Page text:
Direct Democracy: Plebiscites and Referendums

Lesson Three: Saskatchewan’s Referendum and Plebiscite Act

Students will learn about the direct democratic powers granted to citizens in Saskatchewan law, and consider when it is appropriate to use these powers.

1.Voting is not the only way that citizens can participate in the creation of laws and public policy. Citizens can also:
• engage in letter-writing campaigns to sway public opinion
• create social media and online petition campaigns
• request meetings with elected representatives
• join or form a political party
• join or form a civil society group to advocate for an issue
Ask students to think of these and other ways to participate in the creation of laws and public policies. What are the benefits and drawbacks of each method?

2. Lead class discussion of the following question:
• Are some issues better determined without the use of a referendum or plebiscite?

3. Read Direct Democracy in Saskatchewan Today.
• For a citizen-initiated plebiscite to take place today, over 100,000 signatures would be required. Is it possible for an individual to gather this many signatures? If not, what kind of political, organisational, and financial resources would be required?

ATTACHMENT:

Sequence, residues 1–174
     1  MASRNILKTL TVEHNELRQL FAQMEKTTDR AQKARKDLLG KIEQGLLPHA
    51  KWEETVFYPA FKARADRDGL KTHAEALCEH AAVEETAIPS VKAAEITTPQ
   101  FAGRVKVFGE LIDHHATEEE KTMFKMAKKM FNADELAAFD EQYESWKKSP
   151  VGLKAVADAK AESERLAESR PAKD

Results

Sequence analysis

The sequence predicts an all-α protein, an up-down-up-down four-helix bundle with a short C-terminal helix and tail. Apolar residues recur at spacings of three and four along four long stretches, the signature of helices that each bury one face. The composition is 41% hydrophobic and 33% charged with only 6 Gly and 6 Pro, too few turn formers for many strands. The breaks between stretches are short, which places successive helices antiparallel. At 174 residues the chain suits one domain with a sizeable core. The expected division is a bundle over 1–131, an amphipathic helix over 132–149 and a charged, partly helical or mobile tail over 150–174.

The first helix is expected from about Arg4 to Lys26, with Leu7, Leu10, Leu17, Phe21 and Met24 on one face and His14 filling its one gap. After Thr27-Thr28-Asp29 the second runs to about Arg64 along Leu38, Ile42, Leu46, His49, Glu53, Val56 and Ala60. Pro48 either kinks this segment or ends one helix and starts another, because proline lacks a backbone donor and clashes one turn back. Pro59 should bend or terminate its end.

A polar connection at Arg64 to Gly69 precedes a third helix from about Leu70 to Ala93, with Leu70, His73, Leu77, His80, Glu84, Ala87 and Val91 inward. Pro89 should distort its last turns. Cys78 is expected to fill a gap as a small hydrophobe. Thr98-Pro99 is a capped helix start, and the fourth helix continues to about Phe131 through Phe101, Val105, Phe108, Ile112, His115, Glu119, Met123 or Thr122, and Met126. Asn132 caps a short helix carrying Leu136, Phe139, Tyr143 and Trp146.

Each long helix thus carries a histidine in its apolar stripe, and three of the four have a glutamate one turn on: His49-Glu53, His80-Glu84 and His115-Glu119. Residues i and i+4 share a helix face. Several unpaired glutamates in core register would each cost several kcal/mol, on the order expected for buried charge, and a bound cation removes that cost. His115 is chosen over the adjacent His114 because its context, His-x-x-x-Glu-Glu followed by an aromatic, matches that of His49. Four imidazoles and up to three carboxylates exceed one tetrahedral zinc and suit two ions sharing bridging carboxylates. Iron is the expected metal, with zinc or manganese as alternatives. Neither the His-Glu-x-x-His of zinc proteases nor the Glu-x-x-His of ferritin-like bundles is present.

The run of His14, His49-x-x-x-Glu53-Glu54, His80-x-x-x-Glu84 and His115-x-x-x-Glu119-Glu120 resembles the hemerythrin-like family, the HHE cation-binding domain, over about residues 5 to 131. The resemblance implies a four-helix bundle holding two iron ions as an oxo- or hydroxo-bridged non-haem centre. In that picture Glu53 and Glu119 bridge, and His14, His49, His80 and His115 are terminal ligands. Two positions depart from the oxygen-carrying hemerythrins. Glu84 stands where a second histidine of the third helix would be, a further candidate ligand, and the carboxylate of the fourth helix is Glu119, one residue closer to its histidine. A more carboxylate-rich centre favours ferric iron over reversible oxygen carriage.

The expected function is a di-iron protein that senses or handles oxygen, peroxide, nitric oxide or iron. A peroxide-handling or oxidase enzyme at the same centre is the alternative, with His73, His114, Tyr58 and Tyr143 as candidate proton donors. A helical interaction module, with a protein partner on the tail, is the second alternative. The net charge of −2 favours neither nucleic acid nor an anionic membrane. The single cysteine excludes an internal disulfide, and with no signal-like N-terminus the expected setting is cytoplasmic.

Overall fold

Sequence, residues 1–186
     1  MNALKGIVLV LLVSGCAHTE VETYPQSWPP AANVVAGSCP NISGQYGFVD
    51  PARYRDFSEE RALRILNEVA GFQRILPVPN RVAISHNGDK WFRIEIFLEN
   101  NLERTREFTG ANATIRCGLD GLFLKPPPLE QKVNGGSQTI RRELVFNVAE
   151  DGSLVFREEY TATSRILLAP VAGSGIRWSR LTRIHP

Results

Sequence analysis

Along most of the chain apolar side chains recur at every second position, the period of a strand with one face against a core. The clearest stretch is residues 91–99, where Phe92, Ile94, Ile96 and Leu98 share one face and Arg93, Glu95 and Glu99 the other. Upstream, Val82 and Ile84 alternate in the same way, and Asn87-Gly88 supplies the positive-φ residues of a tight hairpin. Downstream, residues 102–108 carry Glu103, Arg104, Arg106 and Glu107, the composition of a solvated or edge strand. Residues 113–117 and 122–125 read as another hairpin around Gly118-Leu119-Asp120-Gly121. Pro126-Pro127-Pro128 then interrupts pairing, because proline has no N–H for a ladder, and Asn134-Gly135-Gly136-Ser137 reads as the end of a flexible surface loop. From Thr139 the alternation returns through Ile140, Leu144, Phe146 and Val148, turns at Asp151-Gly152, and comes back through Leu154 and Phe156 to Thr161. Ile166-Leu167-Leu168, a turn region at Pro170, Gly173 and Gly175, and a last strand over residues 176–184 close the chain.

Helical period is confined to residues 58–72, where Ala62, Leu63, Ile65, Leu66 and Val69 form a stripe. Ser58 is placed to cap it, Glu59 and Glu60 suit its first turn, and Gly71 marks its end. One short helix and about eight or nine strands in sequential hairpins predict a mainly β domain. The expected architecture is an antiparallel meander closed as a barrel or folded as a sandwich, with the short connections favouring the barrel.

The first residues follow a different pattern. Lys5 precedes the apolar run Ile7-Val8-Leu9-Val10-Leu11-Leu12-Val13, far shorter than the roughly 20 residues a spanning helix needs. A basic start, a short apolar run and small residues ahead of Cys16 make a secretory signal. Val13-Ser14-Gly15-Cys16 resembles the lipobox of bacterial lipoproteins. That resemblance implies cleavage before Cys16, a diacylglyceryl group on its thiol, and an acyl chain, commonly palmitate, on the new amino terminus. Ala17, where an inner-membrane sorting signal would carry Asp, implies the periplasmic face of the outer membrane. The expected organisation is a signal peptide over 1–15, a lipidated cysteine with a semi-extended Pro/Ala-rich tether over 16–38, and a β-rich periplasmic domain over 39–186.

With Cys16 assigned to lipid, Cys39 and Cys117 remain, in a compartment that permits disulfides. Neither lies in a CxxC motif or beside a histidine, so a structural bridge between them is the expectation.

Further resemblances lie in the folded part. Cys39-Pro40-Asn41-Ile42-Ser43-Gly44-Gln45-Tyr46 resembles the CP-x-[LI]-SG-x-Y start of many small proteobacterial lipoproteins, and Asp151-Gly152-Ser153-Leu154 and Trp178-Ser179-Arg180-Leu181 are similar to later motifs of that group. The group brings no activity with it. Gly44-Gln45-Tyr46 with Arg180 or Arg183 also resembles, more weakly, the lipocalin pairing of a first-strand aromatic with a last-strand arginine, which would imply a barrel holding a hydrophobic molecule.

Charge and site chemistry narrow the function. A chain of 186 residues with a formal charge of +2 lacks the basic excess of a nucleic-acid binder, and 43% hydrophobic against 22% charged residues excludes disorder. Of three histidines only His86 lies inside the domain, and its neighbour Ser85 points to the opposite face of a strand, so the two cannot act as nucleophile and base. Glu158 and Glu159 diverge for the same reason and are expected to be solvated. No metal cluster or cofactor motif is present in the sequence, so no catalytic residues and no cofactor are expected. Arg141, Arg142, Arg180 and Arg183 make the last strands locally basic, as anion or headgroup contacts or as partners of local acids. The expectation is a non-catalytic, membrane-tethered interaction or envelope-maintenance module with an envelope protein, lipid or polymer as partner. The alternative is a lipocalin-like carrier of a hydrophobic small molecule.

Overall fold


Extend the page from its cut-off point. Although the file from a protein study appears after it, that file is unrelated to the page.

4. If necessary, review with students the specific powers of each level of government. An outline can be found in the background information of Lesson 2: Why Laws in Our Government Our Election.

Case Study: Setting Minimums: PEI Votes on Electoral Reform
5. Use case study to explore the reasons government may have for not implementing the results of a plebiscite.

Further Exploration

6. The Government of Saskatchewan’s A Citizen’s Guide To Shaping Council Decisions explains how citizens can force their municipal council to meet to discuss a particular issue. It also spells out the rules for launching a municipal referendum. Find the guide at the Government of Saskatchewan's tools, guides, and resources for municipalities.

7. Saskatchewan’s Chief Electoral Officer recently issued a discussion paper
on The Referendum and Plebiscite Act.

Direct Democracy in Saskatchewan Today


Setting Minimums

Case Study

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